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Prosecutor wants Britons tried as spys

PUBLISHED: 07:11 11 December 2001 | UPDATED: 11:01 03 March 2010

THE Greek public prosecutor in the case against 12 British plane-spotters has recommended they should face trial for espionage.

Three judges will meet today to review the prosecutor's report and decide the fate of the Britons and two fellow Dutch plane-spotters who have been in custody for more than a month.

THE Greek public prosecutor in the case against 12 British plane-spotters has recommended they should face trial for espionage.

Three judges will meet today to review the prosecutor's report and decide the fate of the Britons and two fellow Dutch plane-spotters who have been in custody for more than a month.

But the Foreign Office said the judges would make their decision and would not necessarily go along with the prosecutor and order a trial for espionage – which carries a maximum 20-year jail sentence.

After learning the judges would meet today, Foreign Secretary Jack Straw renewed his appeal to Greece to release the British plane-spotters – who include Mildenhall couple Paul and Lesley Coppin.

But after talks in Brussels with Greek Foreign Minister Georges Papandreou, Mr Straw had no comfort for their relatives.

"Nothing would please me more than if they were released in the next few days, but I don't want to raise the hopes of people detained," said Mr Straw.

He met Mr Papandreou for private talks during a meeting of EU foreign ministers - once again urging that, at the very least, the charges the plane-spotters face should be reduced from the major alleged offence of spying to relatively minor breaches of the law.

The Greek Foreign Minister was also confronted by the Dutch Foreign Minister, pressing the case for his two nationals to be released alongside the Britons.

British officials acknowledged the Greek government's hands were tied by the clear-cut separation of authority between politicians and the judiciary - something cherished in Britain as well.

But Mr Straw expressed the hope the current "high-level" charges of spying would soon be reduced and added: "I don't want to raise hopes. These people have had a very harrowing time indeed, particularly Mrs Coppin who is isolated from the others.

"I have now had four private meetings on this issue and the Greeks are in no doubt about the strength of our feeling on this issue."

The one crumb of comfort from Mr Straw was that the accused group had been given improved consular access.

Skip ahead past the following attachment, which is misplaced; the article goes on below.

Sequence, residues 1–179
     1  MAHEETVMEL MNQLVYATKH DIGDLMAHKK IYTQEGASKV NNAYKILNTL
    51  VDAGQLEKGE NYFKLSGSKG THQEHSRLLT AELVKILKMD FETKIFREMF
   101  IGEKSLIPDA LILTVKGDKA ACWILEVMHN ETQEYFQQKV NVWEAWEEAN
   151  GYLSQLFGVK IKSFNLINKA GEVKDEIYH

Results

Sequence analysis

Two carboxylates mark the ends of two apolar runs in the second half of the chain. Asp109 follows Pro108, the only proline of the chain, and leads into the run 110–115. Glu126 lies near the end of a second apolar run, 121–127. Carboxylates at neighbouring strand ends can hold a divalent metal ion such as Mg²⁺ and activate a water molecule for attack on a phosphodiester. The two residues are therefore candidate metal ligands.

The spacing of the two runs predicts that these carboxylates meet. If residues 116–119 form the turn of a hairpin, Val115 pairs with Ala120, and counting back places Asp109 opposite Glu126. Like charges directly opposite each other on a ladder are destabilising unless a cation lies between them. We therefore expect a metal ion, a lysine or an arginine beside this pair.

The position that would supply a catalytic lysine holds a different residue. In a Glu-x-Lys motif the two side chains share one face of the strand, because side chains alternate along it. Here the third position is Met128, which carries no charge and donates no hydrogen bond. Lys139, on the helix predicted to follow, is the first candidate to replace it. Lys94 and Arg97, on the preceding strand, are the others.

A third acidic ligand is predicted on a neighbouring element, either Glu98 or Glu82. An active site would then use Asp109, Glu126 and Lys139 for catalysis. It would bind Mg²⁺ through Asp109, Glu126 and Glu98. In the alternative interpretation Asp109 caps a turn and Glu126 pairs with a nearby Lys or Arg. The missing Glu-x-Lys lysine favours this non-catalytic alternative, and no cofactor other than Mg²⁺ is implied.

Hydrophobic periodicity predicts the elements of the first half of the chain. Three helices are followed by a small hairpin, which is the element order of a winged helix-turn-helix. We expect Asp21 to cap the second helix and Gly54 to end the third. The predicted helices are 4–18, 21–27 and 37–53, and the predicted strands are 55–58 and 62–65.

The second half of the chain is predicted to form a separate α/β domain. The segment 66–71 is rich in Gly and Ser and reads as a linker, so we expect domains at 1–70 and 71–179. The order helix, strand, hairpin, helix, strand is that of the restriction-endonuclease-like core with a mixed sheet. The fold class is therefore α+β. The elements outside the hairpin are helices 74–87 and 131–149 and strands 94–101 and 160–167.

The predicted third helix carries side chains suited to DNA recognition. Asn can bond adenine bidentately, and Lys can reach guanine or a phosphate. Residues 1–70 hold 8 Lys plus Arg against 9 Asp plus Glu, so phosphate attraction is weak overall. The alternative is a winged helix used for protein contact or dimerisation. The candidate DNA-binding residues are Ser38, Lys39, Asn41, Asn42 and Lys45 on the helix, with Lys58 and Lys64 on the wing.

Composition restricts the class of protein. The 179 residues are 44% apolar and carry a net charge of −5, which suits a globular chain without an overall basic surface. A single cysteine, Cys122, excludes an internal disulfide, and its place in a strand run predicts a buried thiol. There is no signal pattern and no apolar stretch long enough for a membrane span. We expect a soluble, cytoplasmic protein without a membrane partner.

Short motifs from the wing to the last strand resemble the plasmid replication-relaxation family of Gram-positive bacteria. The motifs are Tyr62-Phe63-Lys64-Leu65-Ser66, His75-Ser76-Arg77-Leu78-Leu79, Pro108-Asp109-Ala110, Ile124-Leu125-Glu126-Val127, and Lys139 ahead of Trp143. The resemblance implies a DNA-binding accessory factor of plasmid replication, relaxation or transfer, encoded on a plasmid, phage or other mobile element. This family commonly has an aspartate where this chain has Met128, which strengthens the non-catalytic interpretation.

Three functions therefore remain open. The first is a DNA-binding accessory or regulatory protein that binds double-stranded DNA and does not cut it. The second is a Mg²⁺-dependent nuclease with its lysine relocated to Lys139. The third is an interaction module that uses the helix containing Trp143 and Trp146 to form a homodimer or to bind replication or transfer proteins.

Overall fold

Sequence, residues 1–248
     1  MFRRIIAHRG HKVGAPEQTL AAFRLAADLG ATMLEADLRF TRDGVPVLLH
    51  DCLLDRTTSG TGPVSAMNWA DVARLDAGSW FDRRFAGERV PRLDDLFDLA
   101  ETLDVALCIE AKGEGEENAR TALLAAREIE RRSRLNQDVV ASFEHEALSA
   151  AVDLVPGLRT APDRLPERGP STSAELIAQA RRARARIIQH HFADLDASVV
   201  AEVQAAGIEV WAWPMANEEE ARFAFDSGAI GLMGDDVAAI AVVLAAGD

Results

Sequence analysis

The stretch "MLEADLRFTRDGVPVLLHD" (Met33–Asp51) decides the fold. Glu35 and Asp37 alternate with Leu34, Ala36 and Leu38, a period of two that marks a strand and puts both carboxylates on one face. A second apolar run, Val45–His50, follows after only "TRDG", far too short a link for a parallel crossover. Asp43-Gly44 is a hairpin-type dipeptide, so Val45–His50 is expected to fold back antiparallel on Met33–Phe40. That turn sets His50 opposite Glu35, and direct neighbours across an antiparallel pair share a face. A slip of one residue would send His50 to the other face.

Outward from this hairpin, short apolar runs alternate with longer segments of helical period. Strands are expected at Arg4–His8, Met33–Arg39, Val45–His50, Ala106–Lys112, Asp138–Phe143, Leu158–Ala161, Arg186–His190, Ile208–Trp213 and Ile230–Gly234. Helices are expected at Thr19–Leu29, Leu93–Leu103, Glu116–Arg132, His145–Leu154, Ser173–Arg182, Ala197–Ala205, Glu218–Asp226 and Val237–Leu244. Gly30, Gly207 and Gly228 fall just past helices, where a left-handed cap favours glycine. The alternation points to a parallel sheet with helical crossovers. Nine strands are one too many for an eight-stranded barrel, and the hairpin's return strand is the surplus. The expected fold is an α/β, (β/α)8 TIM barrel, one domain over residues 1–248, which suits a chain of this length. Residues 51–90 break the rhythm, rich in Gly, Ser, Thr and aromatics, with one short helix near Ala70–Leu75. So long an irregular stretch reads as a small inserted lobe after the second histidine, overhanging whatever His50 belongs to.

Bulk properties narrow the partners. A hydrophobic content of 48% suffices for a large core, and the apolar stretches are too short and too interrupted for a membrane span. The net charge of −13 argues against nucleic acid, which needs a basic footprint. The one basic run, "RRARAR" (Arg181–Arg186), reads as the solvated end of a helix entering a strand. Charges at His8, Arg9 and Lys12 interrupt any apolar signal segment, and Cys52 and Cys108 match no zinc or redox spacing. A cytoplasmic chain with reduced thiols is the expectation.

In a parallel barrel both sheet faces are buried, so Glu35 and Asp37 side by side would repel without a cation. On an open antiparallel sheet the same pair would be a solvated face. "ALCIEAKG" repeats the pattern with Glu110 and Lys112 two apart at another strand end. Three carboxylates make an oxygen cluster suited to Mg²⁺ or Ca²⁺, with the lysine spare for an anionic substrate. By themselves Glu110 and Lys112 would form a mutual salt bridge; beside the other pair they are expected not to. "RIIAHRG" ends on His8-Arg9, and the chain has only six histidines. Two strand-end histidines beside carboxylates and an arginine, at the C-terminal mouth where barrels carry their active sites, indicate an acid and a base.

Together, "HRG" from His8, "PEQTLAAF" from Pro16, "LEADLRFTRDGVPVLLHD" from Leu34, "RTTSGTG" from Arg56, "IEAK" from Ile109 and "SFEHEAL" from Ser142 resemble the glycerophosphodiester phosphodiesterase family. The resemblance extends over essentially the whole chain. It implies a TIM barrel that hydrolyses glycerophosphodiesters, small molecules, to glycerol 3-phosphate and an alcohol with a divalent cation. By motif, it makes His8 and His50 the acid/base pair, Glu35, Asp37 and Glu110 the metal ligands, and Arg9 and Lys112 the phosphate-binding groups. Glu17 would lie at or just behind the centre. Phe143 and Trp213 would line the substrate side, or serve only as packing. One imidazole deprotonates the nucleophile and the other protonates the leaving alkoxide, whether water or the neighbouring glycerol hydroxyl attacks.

Efforts were continuing behind the scenes at diplomatic and political level and Prime Minister Tony Blair is expected to raise the plight of the plane-spotters with his Greek counterpart when the two meet at an EU summit in Belgium on Friday.

The plane-spotters have been behind bars since being arrested on November 8 after attending an air force day at a military air base in the southern town of Kalamata.

The group claim they did not violate the ban on photography at military air bases and were only engaged in their hobby of observing and taking notes about aircraft.

East of England MEP Richard Howitt has been campaigning for the release of the group and he launched yesterday a scathing attack on the Greek legal system.

"This bungling is completely unacceptable given that there are 12 innocent British citizens languishing in jail, with their families at home suffering terrible emotional stress," he said.

"I am also becoming increasingly concerned about the way these people are being treated in jail. I intend to keep the pressure up until the Greek officials see sense.

"There is no new evidence. The only question the judges have to decide is why these people were doing what they were doing. I think there can only be one conclusion."

The constant delays in the judicial process suffered by the group have sparked fears they will remain in jail over Christmas, despite today's meeting of the judges.

One of the plane-spotters, Wayne Groves, 38, of Tamworth, Staffordshire, said: "With Christmas approaching, we are getting concerned now. On December 20 the courts pack up for Christmas until January 7, which is obviously causing us concern."

Mrs Coppin's son Steve Warren, who lives in Lakenheath, added: "There is a terrible risk that their case won't be heard until 2002, though numerous assurances and guarantees have been given regards their release.

"I am very concerned that an EU country can operate a legal system that seems so far removed from that of other union members. My mother has been subjected to unnecessarily poor treatment and facilities, with all suffering squalid prison conditions."

The 13 men are being held in a prison in the southern town of Nafplion, while Mrs Coppin, a 51-year-old grandmother, is being held in Korydallos prison near Athens, the only jail with a women's section.


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